Many of the professionals teaching in today’s college classrooms understand the need for change. They’re used to adapting to ever-changing technologies, as well as evolving knowledge. And they want to measure students’ preparedness in a way that gives them the professional freedom to own the changes and do what they know, as committed professionals, works best for students.
As a tool, the D.Q.P. encourages this kind of faculty-driven change. Rather than a set of mandates, the D.Q.P. is a framework that invites them to be change agents. It allows faculty to assess students in ways that are truly beneficial to student growth. Faculty members don't care about teaching to the assessment; they want to use what they glean from assessments to help improve student learning.
We’ve experienced the value of using the D.Q.P. in this fashion at Utah State University. In 2011, when the document was still in its beta version, we adopted it as a guide to help us rethink general education and its connection to our degrees and the majors within them.
We began the process by convening disciplinary groups of faculty to engage them in a discussion about a fundamental question: “What do you think your students need to know, understand and be able to do?” This led to conversations about how students learn and what intellectual skills they need to develop.
We began reverse engineering the curriculum, which forced us to look at how general education and the majors work together to produce proficient graduates. This process also forced us to ask where degrees started, as well as ended, and taught us how important advisers, librarians and other colleagues are to strong degrees.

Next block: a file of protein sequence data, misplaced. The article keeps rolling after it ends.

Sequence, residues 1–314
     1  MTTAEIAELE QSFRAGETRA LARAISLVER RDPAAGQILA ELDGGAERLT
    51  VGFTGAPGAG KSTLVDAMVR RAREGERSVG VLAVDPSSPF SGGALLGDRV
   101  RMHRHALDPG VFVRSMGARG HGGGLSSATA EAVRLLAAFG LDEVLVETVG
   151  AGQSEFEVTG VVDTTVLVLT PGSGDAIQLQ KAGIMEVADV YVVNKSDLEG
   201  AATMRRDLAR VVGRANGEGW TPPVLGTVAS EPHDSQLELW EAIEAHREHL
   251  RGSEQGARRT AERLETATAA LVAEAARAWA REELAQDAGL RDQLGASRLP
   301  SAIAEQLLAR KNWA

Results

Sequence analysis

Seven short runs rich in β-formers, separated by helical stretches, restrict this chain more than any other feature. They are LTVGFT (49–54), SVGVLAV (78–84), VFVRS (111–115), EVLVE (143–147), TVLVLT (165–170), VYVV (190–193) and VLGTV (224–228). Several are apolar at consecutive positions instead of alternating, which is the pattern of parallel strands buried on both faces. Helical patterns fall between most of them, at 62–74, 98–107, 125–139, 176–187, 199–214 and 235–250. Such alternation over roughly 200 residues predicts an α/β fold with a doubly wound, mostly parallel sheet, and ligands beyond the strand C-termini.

The proficiencies and competencies outlined in the D.Q.P. provided us with a common institutional language to use in navigating these questions. The D.Q.P.’s guideposts also helped us to avoid reducing our definition of learning to course content and enabled us to stay focused on the broader framework of student proficiencies at various degree milestones.
Ultimately the D.Q.P. helped us understand the end product of college degrees, regardless of major: citizens who are capable of thinking critically, communicating clearly, deploying specialized knowledge and practicing the difficult soft skills needed for a 21st-century workplace.
While establishing these criteria in general education, we are teaching our students to see their degrees holistically. In our first-year program, called Connections, we engage students in becoming "intentional learners" who understand that a degree is more than a major. This program also gives students a conceptual grasp of how to use their educations to become well prepared for their professional, personal and civic lives. They can explain their proficiencies within and beyond their disciplines and understand they have soft skills that are at a premium.